First things first, going a week on Sprint's network instead of AT&T's, should make it clear how the two differ, after nearly two years of my battling dropped calls and flaky 3G connections.

Secondly, I will need to find out which applications that I use on a daily basis on my iPhone have equivalents on the Android platform, and which do not. For those that do have equivalents, I will need to find if additional costs are needed to make them available.

While all the industry buzz is around Android Froyo (2.2) and the iPhone 4, planned for June debut, or so we think, I am admittedly a little behind already in both cases. The HTC EVO, while much respected on the hardware side, is running Android 2.1, and I am going to have to compare it with my iPhone 3G, at least until version 4 shows up. This means that Apple doesn't get a perfect position from me - as I am not contrasting it with a 3GS, and its camcorder, improved speed, etc., but I'll try to be realistic.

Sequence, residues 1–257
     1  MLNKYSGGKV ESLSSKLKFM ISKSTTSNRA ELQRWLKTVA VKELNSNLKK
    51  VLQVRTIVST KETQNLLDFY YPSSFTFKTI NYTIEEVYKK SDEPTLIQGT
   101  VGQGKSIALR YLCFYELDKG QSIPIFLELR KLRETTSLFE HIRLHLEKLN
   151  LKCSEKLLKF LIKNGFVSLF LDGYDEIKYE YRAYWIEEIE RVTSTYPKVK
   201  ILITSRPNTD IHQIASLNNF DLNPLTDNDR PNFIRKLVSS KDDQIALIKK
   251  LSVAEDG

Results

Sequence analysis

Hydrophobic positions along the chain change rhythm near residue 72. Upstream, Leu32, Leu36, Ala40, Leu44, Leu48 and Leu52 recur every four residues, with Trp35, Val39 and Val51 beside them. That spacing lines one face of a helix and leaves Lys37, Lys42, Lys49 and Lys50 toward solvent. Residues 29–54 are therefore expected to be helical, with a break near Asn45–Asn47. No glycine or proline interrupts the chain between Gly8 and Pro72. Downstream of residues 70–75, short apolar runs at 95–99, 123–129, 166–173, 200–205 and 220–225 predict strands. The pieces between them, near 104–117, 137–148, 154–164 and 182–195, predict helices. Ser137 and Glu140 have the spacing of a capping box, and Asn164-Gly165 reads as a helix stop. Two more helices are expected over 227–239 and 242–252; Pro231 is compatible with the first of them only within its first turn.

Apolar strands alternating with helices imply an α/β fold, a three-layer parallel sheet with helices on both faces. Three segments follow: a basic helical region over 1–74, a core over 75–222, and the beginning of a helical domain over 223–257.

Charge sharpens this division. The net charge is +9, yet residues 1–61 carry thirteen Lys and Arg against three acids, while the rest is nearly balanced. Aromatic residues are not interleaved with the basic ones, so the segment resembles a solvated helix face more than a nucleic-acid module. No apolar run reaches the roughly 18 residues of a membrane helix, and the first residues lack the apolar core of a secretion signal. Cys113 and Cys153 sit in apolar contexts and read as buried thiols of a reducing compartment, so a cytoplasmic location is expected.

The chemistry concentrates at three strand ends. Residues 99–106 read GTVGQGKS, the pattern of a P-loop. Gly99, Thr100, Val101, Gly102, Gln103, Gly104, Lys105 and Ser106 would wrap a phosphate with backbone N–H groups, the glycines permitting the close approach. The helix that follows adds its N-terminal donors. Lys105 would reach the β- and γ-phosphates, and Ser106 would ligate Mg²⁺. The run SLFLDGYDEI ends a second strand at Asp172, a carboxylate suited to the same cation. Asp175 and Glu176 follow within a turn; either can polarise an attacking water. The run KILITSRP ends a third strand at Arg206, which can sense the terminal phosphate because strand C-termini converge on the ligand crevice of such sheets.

Forgoing a more thorough review, best saved for later, making the transition from iPhone to Android seems pretty simple. I set up my Apple mail account on the phone, as well as GMail. I configured the native Twitter client, as well as Google Buzz. The embedded Web browser is quite good, and streaming my personalized Last.fm radio station hasn't had me missing iTunes. The addition of an 8 megapixel camera and a video camera to the phone are also solid pluses for the EVO. On the flip side, I have managed to crash a number of apps, and their error messages haven't been too user friendly. Meanwhile, it turns out the rather simple act of taking a screenshot on Android is best reserved for someone with a computer science degree, not nearly as simple as on iPhone.